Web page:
The service sector saw a slight uptick as confidence grew that the COVID-19 outbreak would soon lose momentum, a monthly survey showed
By Crystal Hsu / Staff reporter
The sentiment gauge for manufacturers last month shed 2.21 points to 94.79, the lowest in nearly two years, as global inflation and monetary tightening took a toll on demand for technology products, the Taiwan Institute of Economic Research (TIER, 台灣經濟研究院) said yesterday.
However, service providers, builders and property brokers posted a slight uptick as confidence rose that the COVID-19 outbreak would soon lose momentum and things would return to normal, the Taipei-based institute’s monthly survey showed.
Manufacturing firms, which play a key role in driving the nation’s exports, expect business to soften in the coming six months amid concerns that inflationary pressure would linger and global monetary tightening would gain speed, it said.
Economic uncertainty has played havoc with demand for technology gadgets, affecting local firms and their international supply chains.
US electric vehicle maker Tesla Inc has said it would cut regular workers by 10 percent and increase hourly staffers after CEO Elon Musk voiced unease about the economy.
South Korea’s Samsung Electronics has told suppliers to either delay or reduce shipments of components and parts due to global inflation and swelling inventories.
Taiwanese manufacturers holding a positive outlook dropped 2.3 percentage points to 25 percent, while those with a bleak view gained 9.4 percentage points to 28.9 percent, TIER found.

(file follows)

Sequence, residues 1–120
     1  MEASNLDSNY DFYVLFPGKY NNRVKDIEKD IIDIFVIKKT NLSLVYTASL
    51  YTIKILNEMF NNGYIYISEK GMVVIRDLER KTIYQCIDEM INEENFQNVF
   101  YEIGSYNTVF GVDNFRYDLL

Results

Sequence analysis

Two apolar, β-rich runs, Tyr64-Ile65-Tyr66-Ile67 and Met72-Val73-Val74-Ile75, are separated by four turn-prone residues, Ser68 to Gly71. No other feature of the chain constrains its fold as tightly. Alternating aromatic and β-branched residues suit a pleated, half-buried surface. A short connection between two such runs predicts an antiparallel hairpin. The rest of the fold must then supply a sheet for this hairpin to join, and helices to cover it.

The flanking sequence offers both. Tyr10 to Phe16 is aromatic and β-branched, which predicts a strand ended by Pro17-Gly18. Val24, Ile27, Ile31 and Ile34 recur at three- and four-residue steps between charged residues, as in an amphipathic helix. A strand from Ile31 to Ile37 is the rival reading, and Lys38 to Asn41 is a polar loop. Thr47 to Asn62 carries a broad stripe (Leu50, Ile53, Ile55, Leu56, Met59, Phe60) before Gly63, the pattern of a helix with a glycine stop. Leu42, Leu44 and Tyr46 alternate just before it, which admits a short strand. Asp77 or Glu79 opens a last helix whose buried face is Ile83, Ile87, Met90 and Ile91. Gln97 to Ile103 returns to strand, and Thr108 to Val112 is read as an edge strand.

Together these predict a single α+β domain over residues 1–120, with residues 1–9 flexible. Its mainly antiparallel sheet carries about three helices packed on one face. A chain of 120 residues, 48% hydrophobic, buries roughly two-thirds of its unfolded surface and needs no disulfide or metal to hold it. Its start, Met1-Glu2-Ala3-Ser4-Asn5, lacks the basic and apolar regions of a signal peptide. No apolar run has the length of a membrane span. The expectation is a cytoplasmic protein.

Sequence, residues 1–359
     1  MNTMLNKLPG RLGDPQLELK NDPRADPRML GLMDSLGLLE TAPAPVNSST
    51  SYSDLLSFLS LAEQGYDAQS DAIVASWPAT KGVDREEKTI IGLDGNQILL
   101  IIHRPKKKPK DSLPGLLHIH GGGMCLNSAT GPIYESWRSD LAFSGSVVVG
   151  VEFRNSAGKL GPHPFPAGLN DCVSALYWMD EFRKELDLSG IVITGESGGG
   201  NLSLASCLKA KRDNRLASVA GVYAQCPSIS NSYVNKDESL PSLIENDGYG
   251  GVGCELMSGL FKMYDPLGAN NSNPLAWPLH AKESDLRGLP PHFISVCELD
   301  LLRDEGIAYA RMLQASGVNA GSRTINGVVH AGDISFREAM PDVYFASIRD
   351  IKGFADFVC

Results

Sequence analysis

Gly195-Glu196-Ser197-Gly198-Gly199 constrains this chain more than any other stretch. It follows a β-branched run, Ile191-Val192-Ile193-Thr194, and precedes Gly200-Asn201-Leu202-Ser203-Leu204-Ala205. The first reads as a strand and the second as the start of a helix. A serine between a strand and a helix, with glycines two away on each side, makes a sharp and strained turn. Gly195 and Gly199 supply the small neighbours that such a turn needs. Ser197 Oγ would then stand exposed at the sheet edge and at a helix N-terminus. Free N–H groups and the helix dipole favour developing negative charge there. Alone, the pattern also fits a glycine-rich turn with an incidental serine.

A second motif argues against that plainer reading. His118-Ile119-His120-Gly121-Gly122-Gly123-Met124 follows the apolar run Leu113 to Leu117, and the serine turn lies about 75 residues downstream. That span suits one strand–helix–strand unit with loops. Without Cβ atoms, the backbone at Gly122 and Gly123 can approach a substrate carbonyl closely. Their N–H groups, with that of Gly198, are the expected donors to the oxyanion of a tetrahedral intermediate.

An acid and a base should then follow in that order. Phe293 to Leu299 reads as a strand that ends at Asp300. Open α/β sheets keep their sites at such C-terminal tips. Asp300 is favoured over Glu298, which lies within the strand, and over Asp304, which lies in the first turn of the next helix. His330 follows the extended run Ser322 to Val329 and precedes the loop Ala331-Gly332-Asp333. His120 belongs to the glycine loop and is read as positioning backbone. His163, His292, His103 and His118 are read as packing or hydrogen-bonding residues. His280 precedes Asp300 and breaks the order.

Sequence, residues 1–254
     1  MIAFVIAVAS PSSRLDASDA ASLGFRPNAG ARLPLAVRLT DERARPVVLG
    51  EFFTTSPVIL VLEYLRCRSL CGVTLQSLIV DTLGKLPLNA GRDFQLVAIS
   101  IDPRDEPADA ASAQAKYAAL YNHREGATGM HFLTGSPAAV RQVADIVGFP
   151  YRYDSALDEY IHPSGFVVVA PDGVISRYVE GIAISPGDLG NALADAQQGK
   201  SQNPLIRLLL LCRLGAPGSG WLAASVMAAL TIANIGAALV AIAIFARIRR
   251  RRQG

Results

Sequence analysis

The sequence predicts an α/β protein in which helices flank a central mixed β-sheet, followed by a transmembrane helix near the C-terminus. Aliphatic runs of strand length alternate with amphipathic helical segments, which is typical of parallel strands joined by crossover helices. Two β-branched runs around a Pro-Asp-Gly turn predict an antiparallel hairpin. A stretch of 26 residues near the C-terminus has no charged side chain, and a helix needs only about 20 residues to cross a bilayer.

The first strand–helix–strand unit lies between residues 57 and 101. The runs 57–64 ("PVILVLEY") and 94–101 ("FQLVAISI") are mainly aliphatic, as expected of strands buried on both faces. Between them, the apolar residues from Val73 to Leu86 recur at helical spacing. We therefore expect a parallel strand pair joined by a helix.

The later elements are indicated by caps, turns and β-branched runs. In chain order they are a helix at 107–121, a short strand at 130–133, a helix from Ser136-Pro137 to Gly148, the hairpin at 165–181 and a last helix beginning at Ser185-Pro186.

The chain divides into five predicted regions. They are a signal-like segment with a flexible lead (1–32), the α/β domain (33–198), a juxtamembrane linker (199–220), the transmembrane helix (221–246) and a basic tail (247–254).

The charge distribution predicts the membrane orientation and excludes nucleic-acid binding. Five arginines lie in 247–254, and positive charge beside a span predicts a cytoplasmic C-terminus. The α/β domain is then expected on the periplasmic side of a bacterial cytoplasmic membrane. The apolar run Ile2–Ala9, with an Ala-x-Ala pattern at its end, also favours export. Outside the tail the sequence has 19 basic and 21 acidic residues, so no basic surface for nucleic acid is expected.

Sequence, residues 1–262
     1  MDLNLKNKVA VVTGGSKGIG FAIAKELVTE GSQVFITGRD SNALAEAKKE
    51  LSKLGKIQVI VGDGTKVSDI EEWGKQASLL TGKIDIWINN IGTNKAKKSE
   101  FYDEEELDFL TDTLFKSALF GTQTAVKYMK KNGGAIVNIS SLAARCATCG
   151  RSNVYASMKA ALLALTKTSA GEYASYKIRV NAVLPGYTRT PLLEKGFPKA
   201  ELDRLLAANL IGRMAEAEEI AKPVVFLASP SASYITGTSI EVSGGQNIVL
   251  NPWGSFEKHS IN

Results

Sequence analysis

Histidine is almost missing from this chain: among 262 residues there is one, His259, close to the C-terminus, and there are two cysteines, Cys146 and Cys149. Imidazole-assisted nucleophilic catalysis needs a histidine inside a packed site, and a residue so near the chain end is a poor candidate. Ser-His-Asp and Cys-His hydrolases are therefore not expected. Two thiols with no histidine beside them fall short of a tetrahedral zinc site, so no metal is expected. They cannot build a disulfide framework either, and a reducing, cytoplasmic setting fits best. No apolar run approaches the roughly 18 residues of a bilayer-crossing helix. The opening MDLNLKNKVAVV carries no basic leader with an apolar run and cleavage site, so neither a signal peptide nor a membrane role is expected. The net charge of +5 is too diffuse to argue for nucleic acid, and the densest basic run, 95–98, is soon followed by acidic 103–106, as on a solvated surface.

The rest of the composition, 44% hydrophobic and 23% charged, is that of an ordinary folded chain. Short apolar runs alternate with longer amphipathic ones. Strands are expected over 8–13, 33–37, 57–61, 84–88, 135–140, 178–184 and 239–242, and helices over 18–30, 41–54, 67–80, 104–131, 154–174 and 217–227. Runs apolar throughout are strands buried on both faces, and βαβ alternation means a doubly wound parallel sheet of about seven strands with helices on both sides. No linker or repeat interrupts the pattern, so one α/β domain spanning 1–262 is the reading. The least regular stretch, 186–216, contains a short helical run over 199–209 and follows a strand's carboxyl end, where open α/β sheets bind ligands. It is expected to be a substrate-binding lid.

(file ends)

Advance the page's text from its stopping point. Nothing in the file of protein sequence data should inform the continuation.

Local flat-panel supplier AUO Corp (友達光電), for one, has announced that it would not be able to meet its earnings target for the current quarter as customers cut back on purchases to digest inventories.
Manufacturers of auto parts and components are relatively upbeat about order prospects, while makers of plastics, chemicals, steel and textile products have turned more pessimistic, the survey showed.
The confidence reading for companies in the service sector came in at 95.26, up 0.6 percentage points from one month earlier, as the industry has likely bottomed out, it said.
Wholesale firms are divided about the business landscape moving forward, but retailers, restaurants and financial institutions are expecting an uptick after going through rough times, TIER said.
The government is to introduce travel subsides for domestic tourism on July 15, when COVID-19 cases are expected to have fallen significantly.
The pickup in confidence is more evident among companies involved in civil engineering projects, property development and real estate, with the gauge rising 2.04 percentage points to 98.14, it said.
The property market might come out of the woods next quarter when people feel more comfortable about resuming house hunting, TIER said, adding that the COVID-19 outbreak had delayed, but not eliminated demand for housing.
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